heat mat

Planting Pepper Seeds Experiment – Planting Domes

I mentioned in my peppers planned for 2020 post that I was going to experiment starting seeds.  My setup is different now (lighting, counter space, etc.) so why not try something new?  The video I’ve included below helps to describe what’s new for this year, but read on for the details.

Setting the Stage for Planting Pepper Seeds

When I moved, I gave away of a lot of my old supplies — cheaper to re-buy than it was to move them.  One of the first things I re-bought was a seed germinating heat mat.  This house is cooler overall, so I know the seeds will appreciate the warmth (and will germinate faster).

Lots of them on Amazon these days, which is where I buy something like 95% of my supplies.  I looked for something inexpensive and had a decent rating (I know, real scientific).  Here are some seed germinating heating mats if you want to look them over.  But, the one I got was made by Ohuhu.

My real experiment is going to be testing an inexpensive germination dome setup against one of the more expensive seed starting Bio-Domes.  I got a set of 10 trays for starting seeds, which also came with some teeny tools and some labels; I think I paid around $15 for it.  Of course, I need to supply the seed-starting mix and a seed-starting fertilizer (regular stuff, just really diluted).

The Bio-Dome is substantially more expensive, although it does come with the seed starting plugs and some fertilizer.  It’s also more solidly made.  There are several version of it, but I got the one that had 18 sections.  (I felt it was more in line with the size of the sections in my mini-domes.)  The advantage to this one is with the length of time the plant can stay in the dome, and the ease of transplanting.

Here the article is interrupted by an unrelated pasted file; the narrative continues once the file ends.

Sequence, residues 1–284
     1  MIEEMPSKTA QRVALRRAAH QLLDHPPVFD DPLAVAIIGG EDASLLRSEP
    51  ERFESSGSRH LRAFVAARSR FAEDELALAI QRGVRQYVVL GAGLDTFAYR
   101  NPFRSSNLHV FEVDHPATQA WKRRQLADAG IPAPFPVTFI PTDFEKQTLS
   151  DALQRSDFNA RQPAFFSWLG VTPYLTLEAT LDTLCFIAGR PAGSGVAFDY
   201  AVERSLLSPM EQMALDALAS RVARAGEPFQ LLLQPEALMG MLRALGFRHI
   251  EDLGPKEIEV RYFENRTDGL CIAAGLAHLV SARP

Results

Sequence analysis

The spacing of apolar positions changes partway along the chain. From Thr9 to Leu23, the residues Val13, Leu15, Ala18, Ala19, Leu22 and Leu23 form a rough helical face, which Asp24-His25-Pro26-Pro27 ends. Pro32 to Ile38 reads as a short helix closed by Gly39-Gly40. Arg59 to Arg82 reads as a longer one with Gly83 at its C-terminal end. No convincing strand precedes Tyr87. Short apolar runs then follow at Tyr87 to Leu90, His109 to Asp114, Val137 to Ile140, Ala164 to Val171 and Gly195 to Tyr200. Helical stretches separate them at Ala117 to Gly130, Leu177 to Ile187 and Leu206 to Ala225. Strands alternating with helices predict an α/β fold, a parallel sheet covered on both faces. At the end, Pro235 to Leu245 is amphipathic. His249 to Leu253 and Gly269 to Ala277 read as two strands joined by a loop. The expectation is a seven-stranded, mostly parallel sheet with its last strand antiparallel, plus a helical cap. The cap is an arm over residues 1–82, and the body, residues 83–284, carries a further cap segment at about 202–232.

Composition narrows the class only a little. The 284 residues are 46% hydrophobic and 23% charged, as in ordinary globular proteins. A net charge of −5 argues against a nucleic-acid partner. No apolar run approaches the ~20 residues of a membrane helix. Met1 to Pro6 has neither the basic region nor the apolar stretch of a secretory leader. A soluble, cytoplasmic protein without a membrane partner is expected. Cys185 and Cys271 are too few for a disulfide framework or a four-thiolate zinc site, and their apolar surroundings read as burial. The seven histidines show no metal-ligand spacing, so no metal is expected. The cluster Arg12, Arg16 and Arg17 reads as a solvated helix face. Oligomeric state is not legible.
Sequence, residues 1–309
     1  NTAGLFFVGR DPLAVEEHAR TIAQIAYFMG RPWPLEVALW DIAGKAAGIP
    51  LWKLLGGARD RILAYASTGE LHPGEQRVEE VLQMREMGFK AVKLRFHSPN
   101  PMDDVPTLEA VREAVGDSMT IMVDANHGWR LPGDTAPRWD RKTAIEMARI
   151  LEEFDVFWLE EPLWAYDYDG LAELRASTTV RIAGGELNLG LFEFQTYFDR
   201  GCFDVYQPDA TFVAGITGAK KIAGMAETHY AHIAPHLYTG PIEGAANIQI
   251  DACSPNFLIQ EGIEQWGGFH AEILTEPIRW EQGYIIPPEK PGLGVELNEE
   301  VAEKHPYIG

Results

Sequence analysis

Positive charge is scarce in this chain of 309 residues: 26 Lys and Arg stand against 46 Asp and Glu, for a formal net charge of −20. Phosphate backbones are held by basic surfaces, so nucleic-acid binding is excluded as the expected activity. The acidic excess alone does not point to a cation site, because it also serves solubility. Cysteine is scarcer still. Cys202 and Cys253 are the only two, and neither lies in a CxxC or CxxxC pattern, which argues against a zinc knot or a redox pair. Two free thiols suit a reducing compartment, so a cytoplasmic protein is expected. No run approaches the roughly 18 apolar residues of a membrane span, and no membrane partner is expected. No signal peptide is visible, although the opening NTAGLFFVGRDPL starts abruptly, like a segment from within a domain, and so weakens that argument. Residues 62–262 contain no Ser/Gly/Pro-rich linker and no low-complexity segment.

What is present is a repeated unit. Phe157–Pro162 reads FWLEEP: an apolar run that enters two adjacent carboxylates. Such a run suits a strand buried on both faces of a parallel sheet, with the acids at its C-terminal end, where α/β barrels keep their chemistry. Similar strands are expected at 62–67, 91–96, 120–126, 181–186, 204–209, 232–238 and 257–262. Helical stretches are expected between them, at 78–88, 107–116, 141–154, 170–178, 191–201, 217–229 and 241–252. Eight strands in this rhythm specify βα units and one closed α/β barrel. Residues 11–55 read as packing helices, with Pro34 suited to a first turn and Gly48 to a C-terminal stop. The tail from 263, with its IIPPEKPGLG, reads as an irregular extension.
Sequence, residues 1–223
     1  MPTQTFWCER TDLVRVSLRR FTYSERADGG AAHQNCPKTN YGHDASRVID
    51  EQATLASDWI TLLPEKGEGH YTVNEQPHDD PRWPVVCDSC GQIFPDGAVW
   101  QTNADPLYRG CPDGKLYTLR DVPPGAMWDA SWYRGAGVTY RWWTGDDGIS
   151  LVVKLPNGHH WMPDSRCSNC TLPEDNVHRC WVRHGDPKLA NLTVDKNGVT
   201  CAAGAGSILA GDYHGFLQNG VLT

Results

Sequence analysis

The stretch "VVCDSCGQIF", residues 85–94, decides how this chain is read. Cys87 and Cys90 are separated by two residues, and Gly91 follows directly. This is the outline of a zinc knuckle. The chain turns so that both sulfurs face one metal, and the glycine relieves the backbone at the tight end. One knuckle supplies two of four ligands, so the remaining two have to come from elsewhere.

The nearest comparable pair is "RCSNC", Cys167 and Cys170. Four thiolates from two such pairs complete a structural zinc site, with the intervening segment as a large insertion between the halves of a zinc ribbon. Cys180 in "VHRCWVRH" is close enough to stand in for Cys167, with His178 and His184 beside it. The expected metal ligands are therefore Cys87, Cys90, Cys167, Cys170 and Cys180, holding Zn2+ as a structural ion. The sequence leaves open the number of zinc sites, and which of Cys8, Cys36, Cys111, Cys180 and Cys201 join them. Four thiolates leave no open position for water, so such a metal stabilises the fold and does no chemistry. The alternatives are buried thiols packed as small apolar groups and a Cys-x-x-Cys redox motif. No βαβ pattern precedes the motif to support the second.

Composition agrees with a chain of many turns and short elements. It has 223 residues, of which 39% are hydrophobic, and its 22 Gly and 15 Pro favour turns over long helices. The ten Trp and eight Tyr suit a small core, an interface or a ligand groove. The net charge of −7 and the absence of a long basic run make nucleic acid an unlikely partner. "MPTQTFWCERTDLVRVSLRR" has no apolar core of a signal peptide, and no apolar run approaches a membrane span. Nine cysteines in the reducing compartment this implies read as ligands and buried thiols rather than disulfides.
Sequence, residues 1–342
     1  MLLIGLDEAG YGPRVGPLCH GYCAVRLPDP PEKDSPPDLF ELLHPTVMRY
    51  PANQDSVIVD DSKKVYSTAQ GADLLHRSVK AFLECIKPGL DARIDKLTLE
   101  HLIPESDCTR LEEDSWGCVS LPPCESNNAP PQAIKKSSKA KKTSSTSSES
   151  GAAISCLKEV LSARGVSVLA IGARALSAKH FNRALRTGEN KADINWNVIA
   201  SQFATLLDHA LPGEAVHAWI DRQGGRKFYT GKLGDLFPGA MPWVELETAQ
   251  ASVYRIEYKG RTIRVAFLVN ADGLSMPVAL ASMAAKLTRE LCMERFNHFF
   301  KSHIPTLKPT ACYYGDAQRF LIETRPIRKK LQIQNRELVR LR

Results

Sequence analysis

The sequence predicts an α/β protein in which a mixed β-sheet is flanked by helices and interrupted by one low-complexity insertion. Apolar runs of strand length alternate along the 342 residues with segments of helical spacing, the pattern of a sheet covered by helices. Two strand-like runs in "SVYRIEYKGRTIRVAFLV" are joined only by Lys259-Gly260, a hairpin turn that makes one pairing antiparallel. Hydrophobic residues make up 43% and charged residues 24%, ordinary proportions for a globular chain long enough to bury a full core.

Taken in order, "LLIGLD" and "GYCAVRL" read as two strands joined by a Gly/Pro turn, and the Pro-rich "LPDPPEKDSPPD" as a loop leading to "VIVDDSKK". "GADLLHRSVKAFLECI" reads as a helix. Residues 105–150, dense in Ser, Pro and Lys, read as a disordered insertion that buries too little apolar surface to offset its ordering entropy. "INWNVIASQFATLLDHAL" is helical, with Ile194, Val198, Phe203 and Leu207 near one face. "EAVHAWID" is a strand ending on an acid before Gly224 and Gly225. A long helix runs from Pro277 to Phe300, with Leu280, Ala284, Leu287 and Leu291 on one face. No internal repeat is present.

Pros and Cons (I Think)

As to the inexpensive heating mat — that’s just a pro all the way — unless your seeds need cold for germination, don’t try germinating seeds without one.

For the inexpensive set of 10 trays (with small domes included), the pro is definitely the cost.  Supplying the seed starting mix and fertilizer is kind of a given, so that’s not a pro or con.  The con is the construction — as you might guess for the cost, it’s a bit on the flimsy side.  But I think I can get several uses out of one dome set.

The unknown is how difficult it will be when it comes time to get the seedling from its cell into another pot, prior to planting in its final location.  But as silly as they may seem, I think those little tools (in green in the photo) will help.  Otherwise, I am liable to crush the black cells trying to pop out the plants (like I said, they are flimsy).

As I’ve been writing this, I’ve also been looking over the inexpensive domes. and I may have to either poke another hole or two on the bottom of each cell, or make the existing one a little larger.  But that shouldn’t be too hard.

For the more expensive Bio Dome, the pro is that it’s more solidly made and comes with the plugs (what you plant your seeds into).  And it also has fertilizer included.  Oh, and the watering system ends up being self-watering — far less monitoring for drying out.

The con is the price; they aren’t really cheap, but if they live up to their reputation of being able to keep the seedlings in the tray longer before transplanting, that will help.  And if they also live up to the claims of a super-easy transplant, that will make things easier on me, seeing as I will be transplanting 30+ seedlings of various kinds (peppers, tomatoes, etc.).

The unknown is exactly how well that will work!  From the demos I’ve seen, it’s super-easy to pop out the plug and transplant to its final location; no in-between stage needed.  Hmmm.  I will probably still do an intermediate stage for at least some of them, to help harden off the plants before putting them into their final locations in the garden.

Lights, Action…Video!

Here’s the video demo I did comparing the systems — I hope it’s helpful for you, to see the differences in the two systems.  😀